We want this project to show people who feel lonely that they aren’t the only ones, and to provide a way for them to tell their stories. We also want to make sure that the way people feel during COVID-19 isn’t forgotten or overlooked, and explore the connections between reading, writing, creativity, and wellbeing. We have a few different project partners, so we thought we’d tell you a bit about them here.
For an easy read version of this website, click here.
The Wellcome Centre for Cultures and Environments of Health (WCCEH) is a world-leading research centre dedicated to providing innovative approaches to enabling health and well-being across the life course. There is an important cluster of research around loneliness within WCCEH, including a South West Loneliness Network and a recently-announced creative collaboration with the Northcott Theatre and the playwright Natalie McGrath. With Egenis, the Centre for the Study of Life Sciences, WCCEH have just launched a new online platform, Exploring Society with Covid-19.
Exeter City of Literature is a new forum to celebrate, explore and develop Exeter’s recent UNESCO status as a city of literature, run by Exeter Culture. A large part of the case for Exeter rested on the long associations between reading, writing, and wellbeing, themes which this project is keen to draw out. In becoming a creative city, Exeter has made a commitment to the UNESCO sustainability goals, including Ageing Better and Connecting Better.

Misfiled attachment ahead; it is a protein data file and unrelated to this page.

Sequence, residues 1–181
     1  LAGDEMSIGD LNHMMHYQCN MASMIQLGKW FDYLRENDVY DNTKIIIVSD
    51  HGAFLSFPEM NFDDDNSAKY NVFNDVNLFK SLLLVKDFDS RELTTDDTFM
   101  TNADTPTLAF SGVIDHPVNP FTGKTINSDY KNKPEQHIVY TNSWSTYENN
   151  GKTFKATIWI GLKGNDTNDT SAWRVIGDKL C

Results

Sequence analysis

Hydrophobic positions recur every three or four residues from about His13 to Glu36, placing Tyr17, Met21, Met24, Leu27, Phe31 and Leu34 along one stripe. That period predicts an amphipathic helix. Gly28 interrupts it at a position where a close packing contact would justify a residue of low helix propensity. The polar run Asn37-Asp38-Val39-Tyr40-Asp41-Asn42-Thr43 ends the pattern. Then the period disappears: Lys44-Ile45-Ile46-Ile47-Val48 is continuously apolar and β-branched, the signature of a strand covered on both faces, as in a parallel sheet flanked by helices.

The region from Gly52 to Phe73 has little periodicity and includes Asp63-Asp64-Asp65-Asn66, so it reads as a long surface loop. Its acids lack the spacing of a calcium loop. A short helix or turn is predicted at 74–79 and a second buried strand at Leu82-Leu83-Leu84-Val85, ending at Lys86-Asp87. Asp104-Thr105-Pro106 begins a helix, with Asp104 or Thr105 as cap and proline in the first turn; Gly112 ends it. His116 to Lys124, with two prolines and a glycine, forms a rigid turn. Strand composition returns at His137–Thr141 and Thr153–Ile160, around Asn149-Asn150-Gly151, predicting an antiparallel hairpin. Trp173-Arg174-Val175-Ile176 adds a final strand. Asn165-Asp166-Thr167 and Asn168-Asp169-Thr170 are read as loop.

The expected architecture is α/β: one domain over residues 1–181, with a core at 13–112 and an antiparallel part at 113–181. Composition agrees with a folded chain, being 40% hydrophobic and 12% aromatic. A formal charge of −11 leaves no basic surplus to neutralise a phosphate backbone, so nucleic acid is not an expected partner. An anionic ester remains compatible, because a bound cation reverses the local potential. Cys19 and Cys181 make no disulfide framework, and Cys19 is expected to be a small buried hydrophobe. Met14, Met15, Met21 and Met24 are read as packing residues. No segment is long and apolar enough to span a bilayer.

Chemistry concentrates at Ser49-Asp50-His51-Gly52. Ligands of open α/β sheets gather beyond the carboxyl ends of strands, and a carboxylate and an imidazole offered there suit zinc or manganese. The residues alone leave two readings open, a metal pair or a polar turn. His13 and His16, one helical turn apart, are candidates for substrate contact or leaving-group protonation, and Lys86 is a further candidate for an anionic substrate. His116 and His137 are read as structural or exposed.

Exeter Phoenix is a vibrant, world-class multi-art form venue, and one of the most important creative hubs in the South West. With a long-standing belief in the connections between creativity, culture, and health, the Phoenix has taken this a step further in 2019/2020 with Bloom, a yearly festival on mental health and the arts. Their in-house illustrator, Darren Shaddick, created the beautiful, weird, and thought-provoking artwork you can see throughout the Lockdown Blues.
Devon Libraries is the county-wide library service ran by Libraries Unlimited. Their key aim is to bring ideas, imagination, information and knowledge to people’s lives and communities, and they take their role in promoting health and wellbeing through education, connection, community, and creativity particularly seriously. Alongside signposting to important health resources, through initiatives such as Reading Well, they support vulnerable, lonely, and isolated people, whether through home delivery services or groups for new parents.